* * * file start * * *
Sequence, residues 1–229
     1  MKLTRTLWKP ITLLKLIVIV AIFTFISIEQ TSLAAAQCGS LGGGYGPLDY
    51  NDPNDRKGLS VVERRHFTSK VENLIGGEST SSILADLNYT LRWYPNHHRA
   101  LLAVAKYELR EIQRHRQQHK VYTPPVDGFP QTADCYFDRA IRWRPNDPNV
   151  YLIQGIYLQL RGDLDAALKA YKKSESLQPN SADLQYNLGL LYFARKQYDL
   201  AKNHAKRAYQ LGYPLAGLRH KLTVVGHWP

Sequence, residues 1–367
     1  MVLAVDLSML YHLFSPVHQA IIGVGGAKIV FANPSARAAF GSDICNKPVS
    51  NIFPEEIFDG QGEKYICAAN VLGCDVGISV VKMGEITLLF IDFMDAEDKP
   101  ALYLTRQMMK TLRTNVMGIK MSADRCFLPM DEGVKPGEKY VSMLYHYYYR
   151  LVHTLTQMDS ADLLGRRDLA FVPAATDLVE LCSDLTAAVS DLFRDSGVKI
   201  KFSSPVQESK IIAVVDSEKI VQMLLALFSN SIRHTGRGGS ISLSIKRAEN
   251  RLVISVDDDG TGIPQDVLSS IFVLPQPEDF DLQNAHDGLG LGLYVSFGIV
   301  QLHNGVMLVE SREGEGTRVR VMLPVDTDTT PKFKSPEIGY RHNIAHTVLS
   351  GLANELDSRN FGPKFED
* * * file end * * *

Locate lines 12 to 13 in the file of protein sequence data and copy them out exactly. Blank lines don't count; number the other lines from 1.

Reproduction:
   201  KFSSPVQESK IIAVVDSEKI VQMLLALFSN SIRHTGRGGS ISLSIKRAEN
   251  RLVISVDDDG TGIPQDVLSS IFVLPQPEDF DLQNAHDGLG LGLYVSFGIV